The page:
Strawberries are part of a well balanced diet and fall within the fruit group on MyPlate. On MyPlate, the fruit group is the red group. https://www.myplate.gov/eat-healthy/fruits You have probably heard someone say, “Eat plenty of fruits and vegetables for good health.” They are correct. Fruits and vegetables are a great source of vitamins, minerals and fiber.  They contribute to better health and are linked with a decreased incidence of chronic disease. As the slogan states: “Make ½ your plate fruits and vegetables”.

Look closely the next time you eat a strawberry. The tiny seeds on a strawberry contain fiber. Did you know? The average strawberry contains about 200 seeds. https://web.extension.illinois.edu/strawberries/facts.cfm Fiber found in fruits and vegetables and can help with your digestion. https://newsinhealth.nih.gov/special-issues/eating/rough-up-your-diet

Growing Strawberries

There’s no time like the present to learn how to grow your own strawberries. Gardening is a great way to get out in nature, absorb some Vitamin D (the sunshine vitamin) and grow your own fruit. https://edis.ifas.ufl.edu/publication/HS403

There are many available resources. Extension master gardeners can teach you the basics on how to grow this sweet treat. Ask a master gardener in your county extension office for more information.  A lot of literature is available on growing strawberries.

Washing and Serving Strawberries Safely

Always remember the basic principles of food safety to avoid a costly foodborne illness. There are four simple steps: Clean, Separate, Cook and Chill.  https://blogs.ifas.ufl.edu/browardco/2022/02/08/engaging-in-food-safety-behaviors-does-matter/  Use the recommended FDA steps when washing fruit and vegetables. https://www.fda.gov/food/buy-store-serve-safe-food/selecting-and-serving-produce-safely  These steps can protect you and others from illness. Harmful bacteria may be in the soil or water where produce grows and can contaminate produce. Fresh produce may also become contaminated after being harvested-during storage and preparation. https://www.fda.gov/media/77178/download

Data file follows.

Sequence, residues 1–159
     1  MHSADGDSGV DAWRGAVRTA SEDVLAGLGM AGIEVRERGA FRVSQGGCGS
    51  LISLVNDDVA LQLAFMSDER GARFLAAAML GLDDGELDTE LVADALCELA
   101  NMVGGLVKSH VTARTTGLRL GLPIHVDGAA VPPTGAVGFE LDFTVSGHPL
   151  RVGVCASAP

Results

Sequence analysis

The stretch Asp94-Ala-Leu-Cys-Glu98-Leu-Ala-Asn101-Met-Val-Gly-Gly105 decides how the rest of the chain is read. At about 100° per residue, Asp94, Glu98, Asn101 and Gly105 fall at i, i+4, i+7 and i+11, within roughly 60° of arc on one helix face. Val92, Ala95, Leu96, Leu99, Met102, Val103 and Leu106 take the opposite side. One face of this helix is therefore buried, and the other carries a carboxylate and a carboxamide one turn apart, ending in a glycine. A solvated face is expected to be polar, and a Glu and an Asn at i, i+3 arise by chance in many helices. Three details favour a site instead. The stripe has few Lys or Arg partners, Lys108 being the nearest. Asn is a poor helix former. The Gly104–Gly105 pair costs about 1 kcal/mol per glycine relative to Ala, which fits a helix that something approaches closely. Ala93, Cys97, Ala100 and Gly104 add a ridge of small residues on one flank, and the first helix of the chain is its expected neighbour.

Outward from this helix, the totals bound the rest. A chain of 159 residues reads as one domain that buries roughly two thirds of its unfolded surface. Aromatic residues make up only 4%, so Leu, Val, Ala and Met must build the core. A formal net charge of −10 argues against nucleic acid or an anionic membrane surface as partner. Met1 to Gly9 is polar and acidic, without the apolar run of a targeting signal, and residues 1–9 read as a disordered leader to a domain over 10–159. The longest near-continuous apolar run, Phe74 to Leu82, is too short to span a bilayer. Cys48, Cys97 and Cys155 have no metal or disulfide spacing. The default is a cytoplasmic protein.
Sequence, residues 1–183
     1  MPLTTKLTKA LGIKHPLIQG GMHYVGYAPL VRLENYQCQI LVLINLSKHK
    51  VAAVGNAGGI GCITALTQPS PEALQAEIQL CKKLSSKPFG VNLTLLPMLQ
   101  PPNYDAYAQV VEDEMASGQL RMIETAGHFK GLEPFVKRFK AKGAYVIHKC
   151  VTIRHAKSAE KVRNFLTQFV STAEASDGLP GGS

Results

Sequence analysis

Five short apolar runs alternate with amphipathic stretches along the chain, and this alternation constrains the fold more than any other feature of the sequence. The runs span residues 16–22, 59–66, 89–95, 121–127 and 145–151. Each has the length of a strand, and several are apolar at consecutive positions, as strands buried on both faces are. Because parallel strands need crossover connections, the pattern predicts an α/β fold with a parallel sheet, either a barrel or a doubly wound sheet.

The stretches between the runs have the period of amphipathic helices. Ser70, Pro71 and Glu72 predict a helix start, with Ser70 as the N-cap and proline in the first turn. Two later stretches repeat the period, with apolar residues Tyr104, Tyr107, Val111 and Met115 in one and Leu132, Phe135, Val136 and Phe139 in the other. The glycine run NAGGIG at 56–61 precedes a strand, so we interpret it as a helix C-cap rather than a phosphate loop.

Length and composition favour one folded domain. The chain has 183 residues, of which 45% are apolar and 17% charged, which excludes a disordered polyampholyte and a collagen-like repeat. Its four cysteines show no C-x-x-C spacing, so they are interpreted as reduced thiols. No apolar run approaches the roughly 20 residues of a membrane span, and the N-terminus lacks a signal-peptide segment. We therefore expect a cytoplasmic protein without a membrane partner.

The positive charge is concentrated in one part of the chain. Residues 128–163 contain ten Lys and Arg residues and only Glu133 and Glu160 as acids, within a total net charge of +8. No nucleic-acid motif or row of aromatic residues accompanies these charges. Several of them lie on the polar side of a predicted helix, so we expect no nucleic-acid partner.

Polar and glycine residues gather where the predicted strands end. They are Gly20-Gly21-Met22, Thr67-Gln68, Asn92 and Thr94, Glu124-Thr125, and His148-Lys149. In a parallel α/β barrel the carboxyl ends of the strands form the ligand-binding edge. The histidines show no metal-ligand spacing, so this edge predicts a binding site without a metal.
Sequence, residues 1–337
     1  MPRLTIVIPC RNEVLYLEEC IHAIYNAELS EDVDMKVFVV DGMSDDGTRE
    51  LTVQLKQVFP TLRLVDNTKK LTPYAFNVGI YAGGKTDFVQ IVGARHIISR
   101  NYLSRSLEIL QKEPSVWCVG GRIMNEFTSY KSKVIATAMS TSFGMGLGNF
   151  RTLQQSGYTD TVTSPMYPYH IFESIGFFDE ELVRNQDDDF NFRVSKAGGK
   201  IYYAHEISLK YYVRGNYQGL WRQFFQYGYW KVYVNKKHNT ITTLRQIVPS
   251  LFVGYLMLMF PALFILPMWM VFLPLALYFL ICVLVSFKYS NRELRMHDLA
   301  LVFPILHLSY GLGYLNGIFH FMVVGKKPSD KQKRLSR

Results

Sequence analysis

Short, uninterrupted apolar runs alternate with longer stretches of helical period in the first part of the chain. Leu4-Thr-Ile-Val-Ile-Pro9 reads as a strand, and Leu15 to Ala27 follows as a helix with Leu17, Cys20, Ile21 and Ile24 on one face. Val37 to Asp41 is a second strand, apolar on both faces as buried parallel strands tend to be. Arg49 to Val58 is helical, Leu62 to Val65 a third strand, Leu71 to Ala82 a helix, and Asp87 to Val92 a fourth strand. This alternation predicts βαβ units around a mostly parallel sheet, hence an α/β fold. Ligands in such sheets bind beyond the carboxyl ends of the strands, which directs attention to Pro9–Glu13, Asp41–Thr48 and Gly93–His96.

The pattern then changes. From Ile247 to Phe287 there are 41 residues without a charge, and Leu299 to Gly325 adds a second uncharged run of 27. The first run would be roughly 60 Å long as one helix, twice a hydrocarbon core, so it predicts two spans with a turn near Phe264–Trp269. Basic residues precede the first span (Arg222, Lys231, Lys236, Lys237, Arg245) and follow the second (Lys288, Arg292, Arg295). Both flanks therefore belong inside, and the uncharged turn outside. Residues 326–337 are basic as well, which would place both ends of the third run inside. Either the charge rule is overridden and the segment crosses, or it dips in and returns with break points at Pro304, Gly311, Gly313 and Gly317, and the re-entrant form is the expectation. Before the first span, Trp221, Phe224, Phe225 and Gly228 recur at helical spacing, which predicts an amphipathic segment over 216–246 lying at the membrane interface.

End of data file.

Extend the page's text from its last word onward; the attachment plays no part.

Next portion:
Always wash your hands before and after handling food to prevent food poisoning. Wash hands with soap and water for at least 20 seconds. Here are some additional tips:

  1. Purchase berries that are not bruised, damaged and/or contain visible mold.
  2. When bagging fresh fruit and vegetables at the store, bag them separately from meats, poultry and seafood. Avoid cross-contamination.
  3. Store fresh berries in a clean refrigerator at a temperature of 40 degrees or lower. Use a refrigerator thermometer to regularly check the temperature.
  4. Wash cutting boards between use with hot soapy water. Do not use the same cutting board that previously held raw seafood, meat or poultry. Again-don’t cross-contaminate. Consider running cutting boards thru the dishwasher after food preparation. https://blogs.ifas.ufl.edu/browardco/2022/01/28/cut-the-risk-from-your-cutting-boards/
  5. Cut away damaged and bruised areas of strawberries, before using or eating. Toss out rotten spoiled berries.
  6. Wash strawberries under running water before preparing or eating, removing dirt and debris.